[Laughs] This is how I would be. You did a good job. It looks good man. It makes me want to take my tattoos off. My family did not approve of it. All of my tattoos are gang related. I looked up to my older brother when I was a kid. He did not overdo it though, just here and there, but I just started getting more and more. I am done with the gangbanging, I am done with all this stupid nonsense. The last time I was in prison I had my girlfriend that I had been with for ten years, she left me, I felt depressed, I thought she did not care about me anymore, so I was like, “You know what? I am going to get tattoos on my face.” Now every day I wake up I regret it. I wish that I could go somewhere and get my tattoos just lasered off in a day, but I know it takes time. I got them all in prison. I did my whole face five years ago, I did it in one day. The next morning was the day that I was going home.
When I got home no one recognized me. They were like, “What happened to you?” I just said I fell asleep and I woke with tattoos on my face. I have not seen my father for over 26 years. My grandparents, they did not say nothing. I could see it in them, they want- ed to ask me, “Why would you do that?” but they never sat me down to question me or anything. But, then again, I was already older. The tattoos on my face represent my area, like the one I have on my cheek it says, “Hill People.” Where I was raised we all lived up on a hill, my neighborhood is in the hills. And the other writing is my ex-girlfriend’s nickname, “No Shame.” I have known Father Greg since I was six years old, through my aunts and uncles. They grew up in the projects where Father Greg started his community and had a bakery before it burned down in 1996. I started to go to jail, I started to go to juvenile hall, and from there I started to go to prison, and I was like, “You know what? It is a time to where I am getting old,” a time where I just wanted to say, I am done.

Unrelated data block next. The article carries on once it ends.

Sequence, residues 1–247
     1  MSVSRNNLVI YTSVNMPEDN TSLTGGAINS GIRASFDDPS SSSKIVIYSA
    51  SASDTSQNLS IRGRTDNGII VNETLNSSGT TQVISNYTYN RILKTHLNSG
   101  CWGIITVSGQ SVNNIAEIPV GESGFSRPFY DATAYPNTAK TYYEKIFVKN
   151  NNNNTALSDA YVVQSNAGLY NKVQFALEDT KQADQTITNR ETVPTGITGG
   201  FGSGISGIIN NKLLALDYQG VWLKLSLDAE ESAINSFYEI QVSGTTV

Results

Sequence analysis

When I was young I wanted to be a police officer. That is all I thought about, that is all I dreamed about. When I lost my mother from cancer, from there I just followed my older brother. Wherever he went I went, whatever he did I did, whatever he got I got. We grew up rough you know? My mom was into drugs, my brother he got to stay with my grandparents when my mom was still alive but I could not stay with them. I was scared. Every time she would walk home drunk she would hit us, beat us. The only time that we could spend time with my grandparents was the weekends. We used to run away. I have been in foster care, but I was not just going to leave my mom because she got sick. We knew that she had cancer so...
She stopped and calmed down, and everything after that was perfect, we did a lot of stuff with my mom before she left us. When she did leave us our grandparents took custody of four of us. There are actually seven of us altogether, five brothers and two sisters. When my mother passed away, a year later I lost a younger brother. Not to the gangs. There are only two of us in the gangs, the other ones all have good jobs and everything, and my sisters, they are all normal too, they are not in the gangs, just me and my older brother.
I am trying to get my brother to give it up, you know? I cannot force him, he is his own man. If you are a man you have to stop when you want to stop, you know? It is an addiction, a drug, and we cannot help you unless you are ready to get help. For the rest of the interview to be found in the book.